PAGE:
London, Nov 27 : Today's generation does not think even once about the harmful effects of junk food, claims a new survey, which found that a majority of teens are unaware that a junk food-laden diet could potentially shorten their life.
The poll conducted by the British Heart Foundation of 1,100 children, found that 73 percent of eight to 15-year-olds were not aware that a junk food-laden diet could potentially shorten their life.
On the contrary, 45 percent teens believed that the worst effect of junk food could just be putting on weight, tooth problems, getting spots or becoming unpopular.
According to a recent prediction, two thirds of children would be overweight or obese by 2050. But already, almost a third of 10 and 11-year-olds are currently overweight or obese.
The trend has raised fears that today's children may be the first generation that would live shorter lives than their parents.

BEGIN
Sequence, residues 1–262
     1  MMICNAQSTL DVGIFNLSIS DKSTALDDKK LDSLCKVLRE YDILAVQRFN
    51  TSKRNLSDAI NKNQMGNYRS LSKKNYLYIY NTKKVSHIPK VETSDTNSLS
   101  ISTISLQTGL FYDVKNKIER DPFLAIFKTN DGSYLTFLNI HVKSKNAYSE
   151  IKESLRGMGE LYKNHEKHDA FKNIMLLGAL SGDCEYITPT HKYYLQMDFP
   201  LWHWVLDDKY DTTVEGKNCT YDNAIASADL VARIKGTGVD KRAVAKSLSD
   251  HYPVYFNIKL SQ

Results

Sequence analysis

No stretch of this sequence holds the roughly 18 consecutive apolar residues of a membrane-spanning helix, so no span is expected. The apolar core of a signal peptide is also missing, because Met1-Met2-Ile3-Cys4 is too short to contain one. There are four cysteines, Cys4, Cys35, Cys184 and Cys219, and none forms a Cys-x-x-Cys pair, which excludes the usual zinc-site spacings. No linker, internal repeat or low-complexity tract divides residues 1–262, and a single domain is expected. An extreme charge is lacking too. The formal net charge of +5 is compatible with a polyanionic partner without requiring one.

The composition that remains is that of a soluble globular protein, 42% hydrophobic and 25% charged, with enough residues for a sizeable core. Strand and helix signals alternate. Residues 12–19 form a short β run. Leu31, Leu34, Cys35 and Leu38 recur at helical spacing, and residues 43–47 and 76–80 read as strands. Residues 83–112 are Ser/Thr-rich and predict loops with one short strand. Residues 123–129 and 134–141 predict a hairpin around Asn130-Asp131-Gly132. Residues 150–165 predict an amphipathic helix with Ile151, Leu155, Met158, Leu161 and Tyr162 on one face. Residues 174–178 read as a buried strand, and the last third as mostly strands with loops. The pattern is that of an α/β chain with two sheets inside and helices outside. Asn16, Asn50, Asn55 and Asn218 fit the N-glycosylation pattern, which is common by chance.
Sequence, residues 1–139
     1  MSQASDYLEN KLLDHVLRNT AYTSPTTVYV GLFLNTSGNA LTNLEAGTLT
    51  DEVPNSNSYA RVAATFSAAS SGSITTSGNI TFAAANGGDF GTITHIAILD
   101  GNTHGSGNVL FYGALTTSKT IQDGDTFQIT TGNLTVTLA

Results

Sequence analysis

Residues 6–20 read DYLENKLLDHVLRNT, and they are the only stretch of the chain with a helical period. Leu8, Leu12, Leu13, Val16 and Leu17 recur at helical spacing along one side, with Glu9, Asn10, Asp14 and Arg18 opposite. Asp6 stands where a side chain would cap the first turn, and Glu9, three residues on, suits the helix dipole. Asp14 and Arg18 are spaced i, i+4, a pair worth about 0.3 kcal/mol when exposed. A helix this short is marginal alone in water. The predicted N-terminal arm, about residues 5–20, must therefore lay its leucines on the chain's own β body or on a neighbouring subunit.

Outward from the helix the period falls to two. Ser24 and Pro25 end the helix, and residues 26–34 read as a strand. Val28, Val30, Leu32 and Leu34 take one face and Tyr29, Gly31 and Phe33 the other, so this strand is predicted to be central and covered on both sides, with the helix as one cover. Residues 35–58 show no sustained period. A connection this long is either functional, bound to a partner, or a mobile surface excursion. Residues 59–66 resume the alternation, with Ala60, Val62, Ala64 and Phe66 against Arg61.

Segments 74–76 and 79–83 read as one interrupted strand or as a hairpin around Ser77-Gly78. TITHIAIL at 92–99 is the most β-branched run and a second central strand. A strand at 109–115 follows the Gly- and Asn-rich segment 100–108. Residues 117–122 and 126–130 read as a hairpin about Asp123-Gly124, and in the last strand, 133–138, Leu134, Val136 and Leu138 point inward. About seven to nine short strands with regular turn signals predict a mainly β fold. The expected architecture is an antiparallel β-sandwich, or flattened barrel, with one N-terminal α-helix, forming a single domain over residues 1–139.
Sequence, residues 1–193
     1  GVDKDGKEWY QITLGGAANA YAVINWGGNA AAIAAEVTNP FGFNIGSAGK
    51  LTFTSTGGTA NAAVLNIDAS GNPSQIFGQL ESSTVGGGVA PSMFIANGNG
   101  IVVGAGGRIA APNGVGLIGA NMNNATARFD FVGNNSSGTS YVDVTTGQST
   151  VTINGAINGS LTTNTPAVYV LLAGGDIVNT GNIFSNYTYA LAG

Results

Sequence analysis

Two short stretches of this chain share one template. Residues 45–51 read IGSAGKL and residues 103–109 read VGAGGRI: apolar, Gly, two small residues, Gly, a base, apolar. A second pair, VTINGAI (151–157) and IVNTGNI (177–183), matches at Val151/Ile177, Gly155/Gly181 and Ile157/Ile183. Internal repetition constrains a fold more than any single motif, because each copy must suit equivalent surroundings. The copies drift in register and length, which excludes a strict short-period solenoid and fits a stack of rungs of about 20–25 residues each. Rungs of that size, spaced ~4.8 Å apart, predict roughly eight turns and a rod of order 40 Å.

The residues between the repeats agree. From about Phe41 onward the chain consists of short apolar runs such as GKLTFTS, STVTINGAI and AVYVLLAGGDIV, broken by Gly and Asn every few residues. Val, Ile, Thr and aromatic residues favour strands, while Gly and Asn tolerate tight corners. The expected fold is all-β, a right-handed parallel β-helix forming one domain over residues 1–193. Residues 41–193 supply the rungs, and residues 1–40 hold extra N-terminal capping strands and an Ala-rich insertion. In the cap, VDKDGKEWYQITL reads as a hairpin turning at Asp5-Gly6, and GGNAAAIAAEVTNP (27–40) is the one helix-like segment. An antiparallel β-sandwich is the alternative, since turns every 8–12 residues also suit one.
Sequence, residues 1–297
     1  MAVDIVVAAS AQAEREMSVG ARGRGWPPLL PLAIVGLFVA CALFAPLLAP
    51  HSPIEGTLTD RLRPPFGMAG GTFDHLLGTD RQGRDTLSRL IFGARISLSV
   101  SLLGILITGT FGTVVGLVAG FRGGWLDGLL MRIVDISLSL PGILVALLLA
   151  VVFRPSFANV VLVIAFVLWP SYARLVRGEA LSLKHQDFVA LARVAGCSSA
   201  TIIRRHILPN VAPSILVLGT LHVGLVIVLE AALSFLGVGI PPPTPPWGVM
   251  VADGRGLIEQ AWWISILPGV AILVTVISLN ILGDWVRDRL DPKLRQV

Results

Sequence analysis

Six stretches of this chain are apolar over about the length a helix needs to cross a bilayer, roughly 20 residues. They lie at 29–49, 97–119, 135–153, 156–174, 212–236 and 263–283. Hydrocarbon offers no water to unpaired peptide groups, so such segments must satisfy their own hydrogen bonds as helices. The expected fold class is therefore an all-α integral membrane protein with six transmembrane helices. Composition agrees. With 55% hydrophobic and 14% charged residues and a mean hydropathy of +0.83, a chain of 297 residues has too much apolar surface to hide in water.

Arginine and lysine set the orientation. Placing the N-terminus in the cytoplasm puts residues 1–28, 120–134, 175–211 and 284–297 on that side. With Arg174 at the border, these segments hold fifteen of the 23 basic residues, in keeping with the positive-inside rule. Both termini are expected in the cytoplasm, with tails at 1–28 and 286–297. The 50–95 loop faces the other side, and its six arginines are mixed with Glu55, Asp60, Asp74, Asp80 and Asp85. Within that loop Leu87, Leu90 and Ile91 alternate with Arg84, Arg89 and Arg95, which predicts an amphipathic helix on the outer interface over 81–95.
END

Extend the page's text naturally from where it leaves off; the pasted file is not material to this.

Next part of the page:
However, in the BHF survey it was found that 56 percent of youngsters confidently predicted that they would live to be over 80, and 11 percent believed they would even exceed 100 years.
"I know that eating junk food can give you spots and make you put on weight but I'm not really bothered about anything else. The future is too far off to worry about it," BBC quoted Ryan Bolton, 11, from Walsall, as saying.
In fact, the charity released an online game, called Yoobot, that will help children make healthier food choices.
In the game, users create a mini version of themselves - the Yoobot - and then discover how exercise and diet impacts on life expectancy and wellbeing.
Mike Knapton, BHF director of prevention and care, said: "Today's junk food generation can't see beyond the burger box. They are missing the fact that eating unhealthily can have dire consequences on their long-term health.
"The Yoobot is an innovative way for children to explore the effects of eating a diet of junk food. The clock is ticking on the obesity time bomb and it is now more important than ever for children to be educated enough to take control of their diets."